Joseph Pronechen is staff writer with the National Catholic Register since 2005. His articles have appeared in a number of national publications including Columbia magazine, Soul, Faith and Family, Catholic Digest, and Marian Helper. His religion features have also appeared in Fairfield County Catholic and in major newspapers. He is the author of Fruits of Fatima — Century of Signs and Wonders. He holds an MS degree and formerly taught English and courses in film study that he developed at a Catholic high school in Connecticut. Joseph and his wife Mary reside on the East Coast.
The Church has no shortage of feasts and memorials to celebrate. For centuries, we have a triple celebration on one day, Feb. 2 — alternately known as the Presentation of the Lord, the Purification of Mary, and Candlemas.
Today, the Church calls the feast the Presentation of Our Lord. Until 1969, in the West it was called the Purification of Our Lady. The date is 40 days after the birth of Jesus, a Biblically significant number, and back before the name was changed, marked the end of the Christmas season.
Candlemas also became associated with both names for centuries, and remains so. Certainly, there’s much to celebrate and learn about on this triple feast.
The Feasts Develop
First, the Presentation of Our Lord. We remember this one every time we pray the fourth joyful mystery of the Rosary. We see the Holy Family, first Domestic Church, enter the Temple to fulfill Mosaic Law.
By 380 there’s a written record that the Jerusalem Church was celebrating the Presentation, but the title was to become the Purification. Going to the Temple had a double purpose.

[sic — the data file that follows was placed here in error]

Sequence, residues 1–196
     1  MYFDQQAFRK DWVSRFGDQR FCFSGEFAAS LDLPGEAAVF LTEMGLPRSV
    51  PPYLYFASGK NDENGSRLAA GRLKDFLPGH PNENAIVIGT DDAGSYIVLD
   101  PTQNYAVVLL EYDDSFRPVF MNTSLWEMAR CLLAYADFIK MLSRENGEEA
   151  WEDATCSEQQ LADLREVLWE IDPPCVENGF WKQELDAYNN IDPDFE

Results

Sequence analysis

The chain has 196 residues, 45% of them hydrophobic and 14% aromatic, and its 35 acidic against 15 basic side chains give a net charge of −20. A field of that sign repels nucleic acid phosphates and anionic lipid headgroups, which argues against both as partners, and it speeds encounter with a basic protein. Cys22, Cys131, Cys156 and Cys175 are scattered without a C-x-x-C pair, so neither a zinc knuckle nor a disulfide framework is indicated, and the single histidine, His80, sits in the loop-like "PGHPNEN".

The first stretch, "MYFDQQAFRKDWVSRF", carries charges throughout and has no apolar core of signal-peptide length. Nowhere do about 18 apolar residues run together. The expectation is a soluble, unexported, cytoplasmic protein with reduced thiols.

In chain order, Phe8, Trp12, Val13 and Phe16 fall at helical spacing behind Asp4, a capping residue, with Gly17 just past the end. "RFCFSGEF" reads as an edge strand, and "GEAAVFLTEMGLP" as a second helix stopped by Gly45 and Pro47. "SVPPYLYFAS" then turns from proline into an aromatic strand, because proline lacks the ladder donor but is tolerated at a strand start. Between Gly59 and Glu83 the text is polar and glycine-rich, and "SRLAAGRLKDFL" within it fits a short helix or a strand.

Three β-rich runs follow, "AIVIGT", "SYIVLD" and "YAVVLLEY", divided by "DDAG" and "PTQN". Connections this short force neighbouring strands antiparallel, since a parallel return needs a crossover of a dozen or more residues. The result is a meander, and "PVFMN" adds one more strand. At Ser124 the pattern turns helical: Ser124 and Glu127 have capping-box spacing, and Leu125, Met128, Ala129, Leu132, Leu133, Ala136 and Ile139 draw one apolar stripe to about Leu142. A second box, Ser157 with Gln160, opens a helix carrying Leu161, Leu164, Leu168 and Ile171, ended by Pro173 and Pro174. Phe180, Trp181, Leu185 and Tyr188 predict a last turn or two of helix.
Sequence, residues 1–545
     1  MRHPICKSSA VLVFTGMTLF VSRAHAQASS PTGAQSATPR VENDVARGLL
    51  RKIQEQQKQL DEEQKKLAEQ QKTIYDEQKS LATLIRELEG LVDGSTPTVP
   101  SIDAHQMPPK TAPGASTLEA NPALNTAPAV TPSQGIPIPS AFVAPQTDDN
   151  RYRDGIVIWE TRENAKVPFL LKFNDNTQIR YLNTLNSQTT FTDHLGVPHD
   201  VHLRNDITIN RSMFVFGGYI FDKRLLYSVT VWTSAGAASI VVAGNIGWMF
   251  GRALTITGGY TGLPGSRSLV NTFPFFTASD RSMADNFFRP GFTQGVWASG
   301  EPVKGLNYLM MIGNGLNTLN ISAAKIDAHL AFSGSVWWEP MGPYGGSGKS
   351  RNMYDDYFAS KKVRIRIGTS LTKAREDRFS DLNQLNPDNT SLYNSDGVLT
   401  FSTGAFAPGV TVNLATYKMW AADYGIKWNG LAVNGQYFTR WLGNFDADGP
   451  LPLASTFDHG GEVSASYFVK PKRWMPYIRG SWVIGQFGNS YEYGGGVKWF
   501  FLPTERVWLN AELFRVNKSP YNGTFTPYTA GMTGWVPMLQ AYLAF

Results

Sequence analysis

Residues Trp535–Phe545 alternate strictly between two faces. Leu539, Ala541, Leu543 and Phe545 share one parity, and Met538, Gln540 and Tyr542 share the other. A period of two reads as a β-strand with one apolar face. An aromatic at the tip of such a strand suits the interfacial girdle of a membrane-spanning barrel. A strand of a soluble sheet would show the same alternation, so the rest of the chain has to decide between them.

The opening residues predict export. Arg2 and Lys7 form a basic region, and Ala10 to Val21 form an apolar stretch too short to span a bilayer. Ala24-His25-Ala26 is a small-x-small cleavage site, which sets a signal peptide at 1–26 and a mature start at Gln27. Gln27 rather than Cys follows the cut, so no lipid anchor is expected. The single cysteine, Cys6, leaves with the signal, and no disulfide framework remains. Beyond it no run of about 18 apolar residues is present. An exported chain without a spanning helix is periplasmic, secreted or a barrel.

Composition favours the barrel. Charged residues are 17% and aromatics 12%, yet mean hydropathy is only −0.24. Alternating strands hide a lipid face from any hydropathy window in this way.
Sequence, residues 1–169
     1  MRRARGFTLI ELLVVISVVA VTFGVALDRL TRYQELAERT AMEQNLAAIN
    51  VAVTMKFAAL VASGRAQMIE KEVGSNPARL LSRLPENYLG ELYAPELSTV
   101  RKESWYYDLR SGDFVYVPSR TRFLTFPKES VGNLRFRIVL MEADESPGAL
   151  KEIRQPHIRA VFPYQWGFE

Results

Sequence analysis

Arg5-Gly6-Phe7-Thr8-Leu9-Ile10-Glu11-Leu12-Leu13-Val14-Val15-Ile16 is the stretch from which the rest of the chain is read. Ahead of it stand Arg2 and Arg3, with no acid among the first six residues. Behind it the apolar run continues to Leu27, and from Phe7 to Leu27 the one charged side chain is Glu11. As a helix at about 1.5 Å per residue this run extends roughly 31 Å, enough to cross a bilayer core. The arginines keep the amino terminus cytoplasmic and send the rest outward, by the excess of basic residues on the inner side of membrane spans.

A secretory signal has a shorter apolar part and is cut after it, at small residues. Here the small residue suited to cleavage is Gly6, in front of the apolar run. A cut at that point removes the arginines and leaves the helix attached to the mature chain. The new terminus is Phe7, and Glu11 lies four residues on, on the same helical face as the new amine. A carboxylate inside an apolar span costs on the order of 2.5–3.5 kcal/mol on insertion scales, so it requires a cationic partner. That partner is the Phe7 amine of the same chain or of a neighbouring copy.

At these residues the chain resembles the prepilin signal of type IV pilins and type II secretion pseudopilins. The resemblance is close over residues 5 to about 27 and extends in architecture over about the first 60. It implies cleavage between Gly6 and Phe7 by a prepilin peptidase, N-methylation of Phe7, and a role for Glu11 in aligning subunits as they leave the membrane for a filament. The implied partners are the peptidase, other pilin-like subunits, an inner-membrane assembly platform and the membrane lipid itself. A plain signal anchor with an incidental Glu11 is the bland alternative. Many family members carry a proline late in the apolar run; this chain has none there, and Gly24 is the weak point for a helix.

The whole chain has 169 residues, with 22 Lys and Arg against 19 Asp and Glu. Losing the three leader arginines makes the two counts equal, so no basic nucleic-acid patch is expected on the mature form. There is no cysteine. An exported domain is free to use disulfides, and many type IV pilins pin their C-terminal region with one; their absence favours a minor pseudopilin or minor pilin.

One, it was the Purification of Mary. She fulfilled the Jewish ritual cleanings as the tradition pious Jewish women did after giving birth (Leviticus 12:1-4). Two, Jewish law required the first born male to be brought and consecrated to the Lord and then through offering a sacrifice be “redeemed” by his parents. Joseph and Mary did things according to the Mosaic Law. Presentation and Purification.
By 542, Emperor Justinian had the entire Eastern Roman empire celebrate this feast as thanksgiving for a dangerous epidemic that had ended. Then Pope Gregory I introduced the feast in Rome. In 701 Pope Sergius added a candlelight procession for a “Candlemas” service on the Feast of the Purification. The word easily derived from “Candle Mass.” It wasn’t until the 11th century for the blessing of candles to become another regular part of this feast. Since then, we’re talking centuries for these celebrations in the Church.
The Directory on Popular Piety and the Liturgy points out that the Candlemas processions commemorate the Lord's entry into the Temple and the candles are carried in procession in honor of Christ, “the light to enlighten the Gentiles” (Luke 2:32), and in the rite of purification it sees Our Lady’s humility. Everything weaves together – or is connected together in this feast like the three points of a triangle.
Light of the World
In his book Seek That Which Is Above, Benedict XVI, writing as Cardinal Ratzinger, had this to say about the feast: “It takes up the words of Simeon when he calls this Child aa light to enlighten the Gentiles.’ Accordingly this day was made into a feast of candles.”
Benedict goes on to describe, “The warm candlelight is meant to be a tangible reminder of that greater light which, for and beyond all time, radiates from the figure of Jesus…The candle-lit procession, the symbolic encounter between chaos and light which it represents, should…give us courage to see the supernatural…as the only way in which meaning can be brought to bear on the chaotic side of life.”